US 4007708 A
An improved animal litter product particularly for small animals that is harmless to warm blooded animals and that includes along with the usual inert carrier vitamin E associated with the carrier with the result that the litter is odor inhibiting when contacted by odorous animal liquids and which has the additional benefit of being healthful for the animal if the deodorizing ingredient comprising the vitamin E is taken internally.
1. An animal litter product including a particulate litter material absorbent for liquids that is harmless to warm blooded animals and which comprises an inorganic absorbent of the nature of clay and an odor inhibiting quantity of vitamin E absorbed therein in an approximate amount of about 0.25-5% by weight of the particulate litter material.
2. The product of claim 1 wherein said vitamin E is in solution in a fat solvent.
3. The product of claim 2 wherein said solvent is a solvent oil of the class consisting of vegetable and paraffin oils.
4. The product of claim 2 wherein said solvent is a vegetable oil of the class consisting of corn, cottonseed, peanut, safflower, sesame, wheat germ and soybean oils.
5. An animal litter product including a particulate litter material absorbent for liquids that is harmless to warm blooded animals and which comprises an organic absorbent of the nature of wood and pulp and paper products and an odor inhibiting quantity of vitamin E absorbed therein in an approximate amount of about 0.25-5% by weight of the particulate litter material.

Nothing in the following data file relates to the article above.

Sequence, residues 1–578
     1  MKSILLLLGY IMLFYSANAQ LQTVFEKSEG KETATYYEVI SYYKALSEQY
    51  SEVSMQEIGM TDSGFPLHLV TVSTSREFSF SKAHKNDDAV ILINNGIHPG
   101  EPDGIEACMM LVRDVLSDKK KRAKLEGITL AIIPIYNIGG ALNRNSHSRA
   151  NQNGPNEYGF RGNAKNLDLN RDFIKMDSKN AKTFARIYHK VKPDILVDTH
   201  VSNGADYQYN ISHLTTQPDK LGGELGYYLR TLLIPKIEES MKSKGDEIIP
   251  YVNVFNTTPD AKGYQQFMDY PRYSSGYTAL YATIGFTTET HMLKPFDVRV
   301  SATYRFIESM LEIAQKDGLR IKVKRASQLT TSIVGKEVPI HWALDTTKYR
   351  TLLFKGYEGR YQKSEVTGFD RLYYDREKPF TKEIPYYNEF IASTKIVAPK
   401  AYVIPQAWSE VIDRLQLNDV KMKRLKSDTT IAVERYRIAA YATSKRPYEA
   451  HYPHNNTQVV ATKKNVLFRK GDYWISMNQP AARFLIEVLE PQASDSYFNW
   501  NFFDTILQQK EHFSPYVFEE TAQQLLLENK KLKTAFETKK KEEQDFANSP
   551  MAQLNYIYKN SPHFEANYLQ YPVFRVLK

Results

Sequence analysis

6. The product of claim 5 wherein said vitamin E is in solution in a fat solvent.
7. The product of claim 6 wherein said solvent is a solvent oil of the class consisting of vegetable and paraffin oils.
This is a continuation of application Ser. No. 478,039 filed June 10, 1974, now abandoned.
This invention relates to an improved litter product for warm blooded animals such as cats, chickens, and other animals and including as the active ingredient an odor inhibiting quantity of vitamin E absorbed in the particulate carrier that is inert to the vitamin E in that it does not inhibit its activity and inert to the animal in that it does not irritate the skin and is not harmful to the animal if taken internally.
Many types of animal litter products have been proposed using carriers of the type included herein but having associated with these carriers different types of active material which customarily only mask the odor with a perfume type ingredient. The litter product of this invention, in contrast, appears to destroy the odor rather than merely masking it even though the litter product does have a faint pleasant and natural fragrance which decreases as the litter is being used to absorb animal waste liquids and is actually reduced when the product is exposed to low temperatures approaching freezing such as temperatures of the order of about 38° F. In fact, at these temperatures the product tends to lose its odor inhibiting characteristic but both the fragrance and the characteristic are returned when the product is warmed to above these low temperatures.
The animal litter product of this invention comprises the usual particulate inert carrier materials in combination with an odor inhibiting quantity of vitamin E absorbed on these materials.
The carrier material may be either inorganic of the nature of clays, silicas and the like or organic in the nature of wood products and pulp and paper products. Typical carriers are well known for this type of material and include siliceous minerals such as clays of which bentonite, attapulgite, fuller's earth, diatomaceous earth, kaolin, mica, talc, sand, finely divided quartz, etc., as well as synthetically prepared siliceous materials such as silica aerogels and precipitated and fume silicas are excellent examples.